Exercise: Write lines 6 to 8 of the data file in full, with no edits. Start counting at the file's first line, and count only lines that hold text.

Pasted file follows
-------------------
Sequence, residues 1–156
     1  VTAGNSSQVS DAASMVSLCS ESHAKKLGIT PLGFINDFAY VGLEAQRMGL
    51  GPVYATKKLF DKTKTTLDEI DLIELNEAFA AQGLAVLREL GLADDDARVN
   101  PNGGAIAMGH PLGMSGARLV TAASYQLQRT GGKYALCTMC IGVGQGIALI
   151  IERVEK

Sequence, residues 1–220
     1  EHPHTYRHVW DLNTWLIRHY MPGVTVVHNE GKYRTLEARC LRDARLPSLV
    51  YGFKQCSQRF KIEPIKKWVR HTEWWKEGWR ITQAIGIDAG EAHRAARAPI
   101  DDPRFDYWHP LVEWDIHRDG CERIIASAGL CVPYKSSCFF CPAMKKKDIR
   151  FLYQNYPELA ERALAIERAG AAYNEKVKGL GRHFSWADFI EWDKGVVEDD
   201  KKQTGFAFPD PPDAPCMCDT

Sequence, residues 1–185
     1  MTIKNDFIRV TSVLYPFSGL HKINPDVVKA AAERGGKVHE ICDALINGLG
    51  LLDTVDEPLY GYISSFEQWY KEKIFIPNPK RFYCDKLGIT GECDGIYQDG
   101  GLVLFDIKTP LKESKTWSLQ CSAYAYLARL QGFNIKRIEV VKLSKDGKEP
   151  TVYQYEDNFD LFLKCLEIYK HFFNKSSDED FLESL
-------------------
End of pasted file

Sequence, residues 1–220
     1  EHPHTYRHVW DLNTWLIRHY MPGVTVVHNE GKYRTLEARC LRDARLPSLV
    51  YGFKQCSQRF KIEPIKKWVR HTEWWKEGWR ITQAIGIDAG EAHRAARAPI